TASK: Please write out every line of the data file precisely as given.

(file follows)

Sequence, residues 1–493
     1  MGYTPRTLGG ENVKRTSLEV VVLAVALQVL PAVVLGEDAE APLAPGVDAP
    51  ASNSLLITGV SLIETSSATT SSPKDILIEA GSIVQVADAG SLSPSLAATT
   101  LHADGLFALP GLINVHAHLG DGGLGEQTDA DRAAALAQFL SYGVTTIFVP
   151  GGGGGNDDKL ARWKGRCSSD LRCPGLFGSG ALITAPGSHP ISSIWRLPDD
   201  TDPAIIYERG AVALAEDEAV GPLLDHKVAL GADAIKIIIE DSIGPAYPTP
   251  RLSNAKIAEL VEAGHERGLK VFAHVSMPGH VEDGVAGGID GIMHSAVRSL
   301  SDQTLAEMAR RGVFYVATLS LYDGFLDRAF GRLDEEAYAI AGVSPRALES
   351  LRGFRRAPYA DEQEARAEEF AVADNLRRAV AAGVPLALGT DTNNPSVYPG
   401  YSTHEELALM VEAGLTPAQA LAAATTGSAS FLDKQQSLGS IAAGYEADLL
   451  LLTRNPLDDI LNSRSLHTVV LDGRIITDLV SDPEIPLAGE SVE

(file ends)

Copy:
Sequence, residues 1–493
     1  MGYTPRTLGG ENVKRTSLEV VVLAVALQVL PAVVLGEDAE APLAPGVDAP
    51  ASNSLLITGV SLIETSSATT SSPKDILIEA GSIVQVADAG SLSPSLAATT
   101  LHADGLFALP GLINVHAHLG DGGLGEQTDA DRAAALAQFL SYGVTTIFVP
   151  GGGGGNDDKL ARWKGRCSSD LRCPGLFGSG ALITAPGSHP ISSIWRLPDD
   201  TDPAIIYERG AVALAEDEAV GPLLDHKVAL GADAIKIIIE DSIGPAYPTP
   251  RLSNAKIAEL VEAGHERGLK VFAHVSMPGH VEDGVAGGID GIMHSAVRSL
   301  SDQTLAEMAR RGVFYVATLS LYDGFLDRAF GRLDEEAYAI AGVSPRALES
   351  LRGFRRAPYA DEQEARAEEF AVADNLRRAV AAGVPLALGT DTNNPSVYPG
   401  YSTHEELALM VEAGLTPAQA LAAATTGSAS FLDKQQSLGS IAAGYEADLL
   451  LLTRNPLDDI LNSRSLHTVV LDGRIITDLV SDPEIPLAGE SVE